The suburban idyll at Chez McMaster was disturbed over the weekend – and the upset was caused by a Voice of Customer survey.
Unusually, it wasn’t me getting wound up by the industry, but Mrs Mc - a genuine customer attempting to be helpful and provide some useful information to one of her favourite brands.
Ocado delivered our weekly sustenance on time and with a cheerful smile (as always), and followed up within 24 hours with an email survey – fairly quick, with a mail-merged name, and a nice, personable request for some information.
So far so good.
The survey itself was...interesting. Following the link landed us on a screen with the slightly ominous title of “Fish Survey”. But Mrs Mc is made of stern stuff – these were not words to strike fear into the heart of a highly motivated and enthusiastic brand advocate – so she pressed on!
A few really pointless questions about age and gender later, (the email was correctly addressed to Mrs Mc – so WHY ask for gender?) and then by question 7, we were into the fish questions.
Lots of fish questions.
A few silly mistakes (picking “I don’t buy it” for a question, but still being forced to provide follow up data in the next 2 questions) but other than that not too bad – if very fish focussed.
And then we get to question 21.
“Have you looked at the Young’s shop within the Ocado website?”
The first hint of what was really going on. Because two questions later, the survey ended rather abruptly, and dropped us straight into the Young’s Seafood section of the Ocado website.
No “thank you”. No “Would you like more information?”. Not even a pretence that all the information we had just provided matters in any way to Ocado, or that they were doing anything at all other than banging on about fish quite a lot, and then trying the least subtle market-research-to-online-sale ambush I’ve seen in ages.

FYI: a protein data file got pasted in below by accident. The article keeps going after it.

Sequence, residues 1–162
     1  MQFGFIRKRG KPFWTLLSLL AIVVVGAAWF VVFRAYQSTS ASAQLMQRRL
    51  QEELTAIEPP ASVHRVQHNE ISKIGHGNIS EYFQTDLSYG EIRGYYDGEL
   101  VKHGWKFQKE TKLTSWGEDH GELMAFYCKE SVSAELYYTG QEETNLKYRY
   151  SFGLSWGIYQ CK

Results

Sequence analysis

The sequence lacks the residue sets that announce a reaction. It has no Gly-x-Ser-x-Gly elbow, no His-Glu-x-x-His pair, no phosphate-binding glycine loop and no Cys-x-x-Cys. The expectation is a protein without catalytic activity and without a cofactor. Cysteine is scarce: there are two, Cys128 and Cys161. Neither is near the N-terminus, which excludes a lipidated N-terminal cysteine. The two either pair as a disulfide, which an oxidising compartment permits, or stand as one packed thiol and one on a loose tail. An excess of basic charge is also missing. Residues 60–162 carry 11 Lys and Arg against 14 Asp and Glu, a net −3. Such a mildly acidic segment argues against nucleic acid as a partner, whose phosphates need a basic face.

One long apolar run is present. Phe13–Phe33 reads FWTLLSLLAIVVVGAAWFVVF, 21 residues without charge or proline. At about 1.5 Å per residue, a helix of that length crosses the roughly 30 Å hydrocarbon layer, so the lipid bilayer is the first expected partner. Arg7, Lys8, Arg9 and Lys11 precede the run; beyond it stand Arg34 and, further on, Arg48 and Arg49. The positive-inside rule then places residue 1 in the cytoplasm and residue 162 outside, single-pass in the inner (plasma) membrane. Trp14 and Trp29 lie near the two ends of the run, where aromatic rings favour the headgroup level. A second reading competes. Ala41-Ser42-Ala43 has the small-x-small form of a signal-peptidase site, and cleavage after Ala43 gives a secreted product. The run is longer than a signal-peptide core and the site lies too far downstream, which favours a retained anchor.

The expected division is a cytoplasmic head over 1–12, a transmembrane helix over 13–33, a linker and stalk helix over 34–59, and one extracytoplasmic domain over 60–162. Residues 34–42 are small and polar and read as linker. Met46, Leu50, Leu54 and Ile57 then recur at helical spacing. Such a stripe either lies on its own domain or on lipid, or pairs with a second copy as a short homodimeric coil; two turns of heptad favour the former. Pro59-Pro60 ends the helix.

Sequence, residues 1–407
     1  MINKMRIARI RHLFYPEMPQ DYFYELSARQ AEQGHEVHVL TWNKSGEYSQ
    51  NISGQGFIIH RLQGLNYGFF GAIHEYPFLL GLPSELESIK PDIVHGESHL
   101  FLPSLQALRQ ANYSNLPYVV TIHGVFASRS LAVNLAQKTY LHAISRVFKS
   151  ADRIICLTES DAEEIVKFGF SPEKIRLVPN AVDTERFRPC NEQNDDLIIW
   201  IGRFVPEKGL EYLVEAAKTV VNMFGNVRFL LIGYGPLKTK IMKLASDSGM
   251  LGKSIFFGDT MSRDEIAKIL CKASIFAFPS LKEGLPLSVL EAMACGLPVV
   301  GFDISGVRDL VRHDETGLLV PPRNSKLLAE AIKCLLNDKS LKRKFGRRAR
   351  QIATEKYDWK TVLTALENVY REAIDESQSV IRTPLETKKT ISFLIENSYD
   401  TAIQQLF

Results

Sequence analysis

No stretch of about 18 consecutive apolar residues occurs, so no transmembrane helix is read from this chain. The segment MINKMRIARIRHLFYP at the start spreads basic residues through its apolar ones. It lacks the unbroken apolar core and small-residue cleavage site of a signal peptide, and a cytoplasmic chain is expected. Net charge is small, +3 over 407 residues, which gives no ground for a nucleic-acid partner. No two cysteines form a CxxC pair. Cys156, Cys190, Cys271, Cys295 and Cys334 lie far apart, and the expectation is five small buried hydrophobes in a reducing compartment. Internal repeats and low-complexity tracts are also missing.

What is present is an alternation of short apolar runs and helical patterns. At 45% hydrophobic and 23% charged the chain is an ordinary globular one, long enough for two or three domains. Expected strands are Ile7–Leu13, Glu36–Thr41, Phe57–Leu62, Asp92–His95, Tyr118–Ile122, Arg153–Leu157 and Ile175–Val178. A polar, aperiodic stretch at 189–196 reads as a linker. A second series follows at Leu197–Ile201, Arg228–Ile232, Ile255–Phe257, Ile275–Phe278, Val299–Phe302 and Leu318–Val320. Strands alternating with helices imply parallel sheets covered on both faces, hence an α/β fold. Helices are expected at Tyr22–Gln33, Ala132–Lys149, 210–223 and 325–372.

Or, as the Ocado customer herself said, when she emailed them directly to complain:
“This is not a survey ... It is an advert for Youngs fish with a clumsy "exit through the gift store" ending. I wanted to be helpful but now feel you have wasted my time.”
Wow – what a fantastic result for a Voice of the Customer survey! Turning an enthusiastic brand advocate into a fairly scathing critic in under 5 minutes.
I suspect that Ocado spend a fortune on getting deliveries to our door on time, in full, and with a customer service smile and a chat.
I am very sure that they managed to undo most of that good work in seconds by treating their customer like an idiot.
If you ask your customer to tell you what they think, then take them seriously – VoC is not just another direct marketing channel and leaving customers feeling that you have wasted their time or misled them will do far more damage that the sale of a few packs of fish fingers will easily recover.
In fact, that headline question on their invitation email was actually the only thing that Ocado’s Voice of Customer process needed to ask. Because a passionate customer (happy or unhappy) only needs a single, simple question and they will tell you exactly what you need to know about your business, and how they feel about it. So drop all the demographics (you already know the answers) and cut down on the fishy fifty, and just ask the first, obvious question. A nice open invitation...
“Tell us what you think”
Take a look at our Infographic to find out how to capture Customer Feedback throughout the Customer Journey: